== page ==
Description: On-farm biopurification systems (BPSs) represent an efficient technology for treating pesticide-contaminated wastewater. Biodegradation by genetically adapted bacteria has been suggested to perform a major contribution to the removal of pesticides in BPSs. Recently, several studies pointed to the role of IncP-1 plasmids in the degradation of pesticides in BPSs but this was never linked with catabolic markers. Therefore, a microcosm experiment was conducted in order to examine whether changes in mobile genetic element (MGE) abundances in response to the application of phenylurea herbicide linuron are linked with changes in catabolic genes. Denaturing gradient gel electrophoresis (DGGE) fingerprints of 16S ribosomal RNA gene fragments amplified from total community (TC)-DNA suggested significant shifts in the bacterial community composition. PCR-Southern blot-based detection of genes involved in linuron hydrolysis ( libA and hylA ) or degradation of its metabolite 3,4-dichloroaniline ( dcaQ I , dcaQ II , and ccdC ) in TC-DNA showed that the abundance of the hylA gene was increased faster and stronger in response to linuron application than that of the libA gene, and that the dcaQ II gene was more abundant than the isofunctional gene dcaQ I 20 and 60 days after linuron addition. Furthermore, a significant increase in the relative abundance of the IncP-1-specific korB gene in response to linuron was recorded. Our data suggest that different bacterial populations bearing isofunctional genes coding for enzymes degrading linuron seemed to be enriched in BPSs in response to linuron and that IncP-1 plasmids might be involved in their dissemination.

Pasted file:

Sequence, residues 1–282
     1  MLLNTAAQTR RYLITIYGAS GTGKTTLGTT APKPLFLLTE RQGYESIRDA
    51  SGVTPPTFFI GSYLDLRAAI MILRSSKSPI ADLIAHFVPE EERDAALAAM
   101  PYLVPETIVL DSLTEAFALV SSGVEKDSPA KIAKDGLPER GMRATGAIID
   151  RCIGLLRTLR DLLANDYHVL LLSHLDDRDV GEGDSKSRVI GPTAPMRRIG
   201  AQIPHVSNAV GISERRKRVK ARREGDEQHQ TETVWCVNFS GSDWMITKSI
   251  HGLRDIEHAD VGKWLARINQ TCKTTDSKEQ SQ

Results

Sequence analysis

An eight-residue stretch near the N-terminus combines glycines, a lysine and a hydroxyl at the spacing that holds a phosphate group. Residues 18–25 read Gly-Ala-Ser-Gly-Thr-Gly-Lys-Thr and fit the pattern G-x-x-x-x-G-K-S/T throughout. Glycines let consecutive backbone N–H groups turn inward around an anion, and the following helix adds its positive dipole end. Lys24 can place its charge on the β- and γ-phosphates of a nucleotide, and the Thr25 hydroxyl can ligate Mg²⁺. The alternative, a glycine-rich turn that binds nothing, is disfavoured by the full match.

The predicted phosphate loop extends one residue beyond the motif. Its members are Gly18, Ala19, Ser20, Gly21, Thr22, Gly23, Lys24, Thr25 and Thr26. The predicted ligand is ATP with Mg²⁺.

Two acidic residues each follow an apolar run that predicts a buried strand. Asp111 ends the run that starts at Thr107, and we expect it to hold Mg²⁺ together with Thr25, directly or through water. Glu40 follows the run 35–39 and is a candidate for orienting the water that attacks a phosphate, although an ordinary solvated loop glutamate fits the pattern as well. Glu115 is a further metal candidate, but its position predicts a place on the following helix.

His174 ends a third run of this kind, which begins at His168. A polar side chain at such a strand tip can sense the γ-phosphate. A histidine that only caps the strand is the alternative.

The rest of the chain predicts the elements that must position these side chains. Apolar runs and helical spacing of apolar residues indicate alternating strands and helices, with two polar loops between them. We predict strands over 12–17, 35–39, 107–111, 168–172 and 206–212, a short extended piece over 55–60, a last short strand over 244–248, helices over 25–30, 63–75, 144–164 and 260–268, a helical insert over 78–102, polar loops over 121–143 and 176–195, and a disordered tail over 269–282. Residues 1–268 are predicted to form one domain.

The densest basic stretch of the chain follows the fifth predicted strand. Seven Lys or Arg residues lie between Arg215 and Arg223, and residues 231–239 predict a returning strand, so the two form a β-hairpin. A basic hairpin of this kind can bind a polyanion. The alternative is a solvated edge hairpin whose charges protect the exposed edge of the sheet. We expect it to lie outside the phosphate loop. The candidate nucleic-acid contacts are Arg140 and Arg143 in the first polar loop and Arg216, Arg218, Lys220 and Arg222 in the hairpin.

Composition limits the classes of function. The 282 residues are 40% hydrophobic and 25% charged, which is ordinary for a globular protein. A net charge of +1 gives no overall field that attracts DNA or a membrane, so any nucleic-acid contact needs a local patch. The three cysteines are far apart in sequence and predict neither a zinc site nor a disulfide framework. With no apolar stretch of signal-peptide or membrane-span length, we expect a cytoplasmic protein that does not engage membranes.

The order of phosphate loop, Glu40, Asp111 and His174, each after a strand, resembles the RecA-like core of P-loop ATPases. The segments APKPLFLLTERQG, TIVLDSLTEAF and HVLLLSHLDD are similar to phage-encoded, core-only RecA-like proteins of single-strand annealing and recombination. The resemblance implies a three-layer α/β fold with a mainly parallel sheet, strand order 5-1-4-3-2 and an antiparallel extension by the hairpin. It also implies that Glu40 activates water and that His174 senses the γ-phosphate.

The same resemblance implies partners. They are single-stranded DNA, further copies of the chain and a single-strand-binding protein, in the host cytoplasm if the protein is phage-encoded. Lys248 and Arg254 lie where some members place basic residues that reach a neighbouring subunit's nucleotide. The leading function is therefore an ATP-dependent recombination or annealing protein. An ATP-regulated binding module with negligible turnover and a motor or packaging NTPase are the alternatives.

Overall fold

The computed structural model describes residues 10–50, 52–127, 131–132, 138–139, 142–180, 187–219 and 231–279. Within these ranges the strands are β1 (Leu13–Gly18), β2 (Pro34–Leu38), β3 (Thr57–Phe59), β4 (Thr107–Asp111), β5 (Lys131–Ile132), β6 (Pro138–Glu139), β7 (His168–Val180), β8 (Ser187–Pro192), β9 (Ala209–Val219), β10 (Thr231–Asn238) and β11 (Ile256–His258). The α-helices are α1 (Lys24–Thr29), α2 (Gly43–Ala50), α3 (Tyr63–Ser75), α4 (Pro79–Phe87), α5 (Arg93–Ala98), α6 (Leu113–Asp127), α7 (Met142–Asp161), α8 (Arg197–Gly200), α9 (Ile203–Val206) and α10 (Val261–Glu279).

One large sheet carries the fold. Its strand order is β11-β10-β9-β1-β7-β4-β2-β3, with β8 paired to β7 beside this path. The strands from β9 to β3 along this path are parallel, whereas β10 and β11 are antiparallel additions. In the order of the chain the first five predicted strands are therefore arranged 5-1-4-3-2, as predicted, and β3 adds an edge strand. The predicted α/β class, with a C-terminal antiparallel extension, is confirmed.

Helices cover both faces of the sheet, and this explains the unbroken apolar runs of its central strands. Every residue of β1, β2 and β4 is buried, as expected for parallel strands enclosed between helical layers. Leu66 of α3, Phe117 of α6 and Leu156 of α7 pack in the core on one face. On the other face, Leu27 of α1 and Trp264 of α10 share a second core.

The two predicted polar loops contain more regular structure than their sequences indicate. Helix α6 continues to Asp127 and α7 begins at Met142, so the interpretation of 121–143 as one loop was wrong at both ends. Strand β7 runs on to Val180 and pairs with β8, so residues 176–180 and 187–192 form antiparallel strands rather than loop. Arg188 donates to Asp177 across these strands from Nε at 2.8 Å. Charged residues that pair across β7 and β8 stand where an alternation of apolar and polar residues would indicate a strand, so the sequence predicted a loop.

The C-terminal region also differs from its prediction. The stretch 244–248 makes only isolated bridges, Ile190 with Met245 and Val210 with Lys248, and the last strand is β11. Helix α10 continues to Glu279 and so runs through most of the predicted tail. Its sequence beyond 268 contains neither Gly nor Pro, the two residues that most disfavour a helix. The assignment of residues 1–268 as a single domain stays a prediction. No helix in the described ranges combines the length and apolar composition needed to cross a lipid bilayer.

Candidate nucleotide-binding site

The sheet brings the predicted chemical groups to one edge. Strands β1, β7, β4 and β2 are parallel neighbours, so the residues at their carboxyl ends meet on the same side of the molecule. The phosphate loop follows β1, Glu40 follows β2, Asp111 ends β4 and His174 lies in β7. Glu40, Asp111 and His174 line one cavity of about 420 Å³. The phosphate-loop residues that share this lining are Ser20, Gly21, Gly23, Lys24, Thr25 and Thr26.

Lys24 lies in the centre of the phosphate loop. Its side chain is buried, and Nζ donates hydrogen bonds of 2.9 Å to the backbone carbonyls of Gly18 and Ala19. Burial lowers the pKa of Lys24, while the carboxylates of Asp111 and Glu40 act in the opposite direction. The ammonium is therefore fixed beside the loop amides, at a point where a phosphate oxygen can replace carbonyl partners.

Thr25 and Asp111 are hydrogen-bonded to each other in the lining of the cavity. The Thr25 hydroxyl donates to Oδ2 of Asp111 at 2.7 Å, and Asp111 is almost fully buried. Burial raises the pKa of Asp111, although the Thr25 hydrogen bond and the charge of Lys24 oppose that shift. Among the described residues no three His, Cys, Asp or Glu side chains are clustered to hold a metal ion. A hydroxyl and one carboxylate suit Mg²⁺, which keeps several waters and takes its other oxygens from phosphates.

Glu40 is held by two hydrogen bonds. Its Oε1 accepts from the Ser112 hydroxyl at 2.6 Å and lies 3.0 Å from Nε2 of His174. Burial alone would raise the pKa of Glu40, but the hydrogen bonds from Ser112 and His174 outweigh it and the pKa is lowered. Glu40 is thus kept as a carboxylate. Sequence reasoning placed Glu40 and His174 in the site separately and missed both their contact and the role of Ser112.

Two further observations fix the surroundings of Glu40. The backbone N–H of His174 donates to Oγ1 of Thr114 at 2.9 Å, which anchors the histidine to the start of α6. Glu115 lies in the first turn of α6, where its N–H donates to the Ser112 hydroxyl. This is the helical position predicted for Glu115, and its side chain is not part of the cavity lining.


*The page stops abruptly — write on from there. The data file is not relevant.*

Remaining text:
Keywords: Total community DNA ; 16S rRNA genes ; Degradative genes ; PCR hybridization ; Plasmids
    ISSN: 0175-7598
    E-ISSN: 1432-0614
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  • 4
    Language: English
    In: Plant and Soil, 2012, Vol.361(1), pp.343-357
    Description: Co-inoculation of biocontrol agents with different modes of action is assumed to improve biocontrol activity. The present study aimed to investigate the effects of single or co-inoculation of Trichoderma viride strain GB7 and Serratia plymuthica strain 3Re4-18 on microbial communities in the rhizosphere of lettuce and their ability to suppress Rhizoctonia solani AG1-IB.Growth chamber experiments with two different application modes were performed with single or co-inoculation of GB7 and 3Re4-18 in the presence or absence of R. solani. Biocontrol efficacy and plant growth parameters were assessed. Bacterial and fungal communities were analyzed by 16S rRNA gene and ITS fragments PCR-amplified from total community DNA of rhizosphere samples and analyzed by denaturing gradient gel electrophoresis.Compared to the single application, the co-inoculation of 3Re4-18 and GB7 resulted in an improved biocontrol efficacy. DGGE analysis revealed more pronounced effect on microbial community in co-inoculation treatment. The abundance of 3Re4-18 in the rhizosphere seemed to be increased in the presence of R. solani.The applied cultivation-independent methods provided insights into the complex interaction in response to the pathogen and the antagonists. Co-inoculation resulted in an improved biocontrol efficacy and an increased evenness of the microbial communities.
    Keywords: Biocontrol ; Co-inoculation ; Rhizosphere community ; 16S rRNA gene and ITS-based fingerprints
    ISSN: 0032-079X
    E-ISSN: 1573-5036
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  • 5
    Language: English
    In: Plant and Soil, 2010, Vol.326(1), pp.437-452